Did "percolation" become a synonym for pourover?

Coffee preparation techniques besides espresso like pourover.
rmongiovi
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#1: Post by rmongiovi »

When I was growing up my folks brewed coffee with a percolator. Coffee grounds sat in a basket at the top of the device and water at the bottom. When the water reached a boil steam pushed it up through a tube and splashed it over the grounds in the top basket. Then it dripped down through the coffee grounds and rejoined the water at the bottom of the device where it was reheated and began the cycle again. To me, that was the defining attribute of "percolation": already brewed coffee being continuously recycled through the grounds until you decided it was strong enough.

Recently I've noticed postings comparing "percolation" to immersion. I'm pretty sure they're using percolation to mean pourover (where there's no repeated exposure to the grounds). Is this because no one really uses a percolator anymore, or did I just misunderstand what the word percolation was describing all those years ago when we actually used things called percolators?

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yakster
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#2: Post by yakster »

Percolation is from the Latin percolare 'to filter, trickle through' and does not specify the recirculation of liquids as done in an old Percolator pot. Pour-over coffee brewing is one form of percolation.
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Jeff
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#3: Post by Jeff »

"Percolation" is a term that can refer to fluid flowing through a bed of particles. With that meaning, espresso and "pour-over" are percolation methods, as is the classic mid-century technique that produced the coffee of the era, at least in North America.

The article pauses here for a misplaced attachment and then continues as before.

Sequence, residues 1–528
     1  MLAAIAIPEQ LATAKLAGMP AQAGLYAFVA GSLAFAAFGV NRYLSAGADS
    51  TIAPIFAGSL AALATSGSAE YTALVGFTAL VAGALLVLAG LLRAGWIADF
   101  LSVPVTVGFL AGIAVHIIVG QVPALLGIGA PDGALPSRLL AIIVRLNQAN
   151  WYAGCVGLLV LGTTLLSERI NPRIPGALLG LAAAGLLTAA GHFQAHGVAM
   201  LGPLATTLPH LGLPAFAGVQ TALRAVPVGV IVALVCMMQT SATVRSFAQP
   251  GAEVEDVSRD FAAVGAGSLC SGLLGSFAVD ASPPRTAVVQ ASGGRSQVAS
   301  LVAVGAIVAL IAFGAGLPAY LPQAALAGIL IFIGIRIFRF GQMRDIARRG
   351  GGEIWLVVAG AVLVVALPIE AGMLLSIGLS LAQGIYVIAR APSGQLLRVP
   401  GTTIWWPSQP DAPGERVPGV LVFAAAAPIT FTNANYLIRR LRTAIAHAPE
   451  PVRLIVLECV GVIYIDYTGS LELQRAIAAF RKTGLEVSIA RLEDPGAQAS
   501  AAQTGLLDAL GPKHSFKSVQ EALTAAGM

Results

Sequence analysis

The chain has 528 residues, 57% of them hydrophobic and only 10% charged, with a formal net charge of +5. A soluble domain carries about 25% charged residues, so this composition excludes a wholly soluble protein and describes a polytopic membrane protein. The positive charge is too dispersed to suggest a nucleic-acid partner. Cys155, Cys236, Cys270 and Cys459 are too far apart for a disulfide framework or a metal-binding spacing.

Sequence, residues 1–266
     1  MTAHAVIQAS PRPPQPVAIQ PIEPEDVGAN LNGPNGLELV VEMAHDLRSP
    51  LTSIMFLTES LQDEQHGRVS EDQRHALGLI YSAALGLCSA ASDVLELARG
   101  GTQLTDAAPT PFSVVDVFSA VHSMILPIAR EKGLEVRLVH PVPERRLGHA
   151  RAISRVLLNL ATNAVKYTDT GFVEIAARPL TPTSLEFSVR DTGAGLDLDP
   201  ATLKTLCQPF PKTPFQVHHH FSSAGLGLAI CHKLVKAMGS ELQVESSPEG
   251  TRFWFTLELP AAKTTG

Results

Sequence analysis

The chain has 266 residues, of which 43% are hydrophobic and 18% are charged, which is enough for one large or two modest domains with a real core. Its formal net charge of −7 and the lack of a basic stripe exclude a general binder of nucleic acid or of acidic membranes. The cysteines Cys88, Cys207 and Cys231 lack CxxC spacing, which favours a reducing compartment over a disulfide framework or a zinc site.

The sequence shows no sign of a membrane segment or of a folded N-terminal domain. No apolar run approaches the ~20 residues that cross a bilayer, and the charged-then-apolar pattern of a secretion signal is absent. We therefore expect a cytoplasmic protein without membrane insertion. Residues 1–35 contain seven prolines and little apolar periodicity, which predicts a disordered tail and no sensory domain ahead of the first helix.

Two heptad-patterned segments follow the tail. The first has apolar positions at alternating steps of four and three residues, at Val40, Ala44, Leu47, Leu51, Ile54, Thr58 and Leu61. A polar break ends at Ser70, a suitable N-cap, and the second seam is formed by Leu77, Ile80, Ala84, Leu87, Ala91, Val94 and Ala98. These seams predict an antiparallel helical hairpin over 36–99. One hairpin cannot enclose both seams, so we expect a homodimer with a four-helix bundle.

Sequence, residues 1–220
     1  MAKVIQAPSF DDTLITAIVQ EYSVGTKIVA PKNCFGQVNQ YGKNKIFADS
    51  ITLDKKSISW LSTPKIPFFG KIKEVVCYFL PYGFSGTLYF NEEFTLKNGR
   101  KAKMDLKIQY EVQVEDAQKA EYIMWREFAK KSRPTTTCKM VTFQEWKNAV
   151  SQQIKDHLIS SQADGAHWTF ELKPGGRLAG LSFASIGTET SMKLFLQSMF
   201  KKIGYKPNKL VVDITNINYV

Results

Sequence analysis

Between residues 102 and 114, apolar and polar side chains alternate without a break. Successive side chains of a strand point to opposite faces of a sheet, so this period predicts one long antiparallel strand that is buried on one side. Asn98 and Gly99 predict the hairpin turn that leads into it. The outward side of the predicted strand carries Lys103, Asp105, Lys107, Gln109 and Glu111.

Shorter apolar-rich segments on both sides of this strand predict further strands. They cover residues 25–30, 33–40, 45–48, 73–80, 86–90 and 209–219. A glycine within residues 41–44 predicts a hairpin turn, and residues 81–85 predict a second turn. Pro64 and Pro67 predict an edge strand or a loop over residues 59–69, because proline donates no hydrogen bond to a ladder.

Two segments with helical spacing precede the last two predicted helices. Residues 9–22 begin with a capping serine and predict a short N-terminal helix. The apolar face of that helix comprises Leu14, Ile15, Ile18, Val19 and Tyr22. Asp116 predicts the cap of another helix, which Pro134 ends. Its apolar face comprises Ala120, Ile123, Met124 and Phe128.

rmongiovi (original poster)
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#4: Post by rmongiovi (original poster) »

That seems excessively confusing to me. Aren't all forms of brewing coffee "fluid flowing through a bed of particles" at some level of definition? I'm pretty sure that definition fits immersion as well.

If "percolation" is any type of coffee brewing then what do we call the process of using an actual percolator? Is this like when they decided to code name plutonium as "copper" and then had to call copper "honest-to-god copper?"

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Jeff
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#5: Post by Jeff »

Immersion brewing, such as cupping or a French press, is mainly without flow.

You're right in that most of the things that we often think of as "coffee brewing" are more percolation than immersion.

rmongiovi (original poster)
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#6: Post by rmongiovi (original poster) »

The final step of immersion is to allow the liquid to drain through the bed of coffee into the cup. By the definition above, that's "percolation."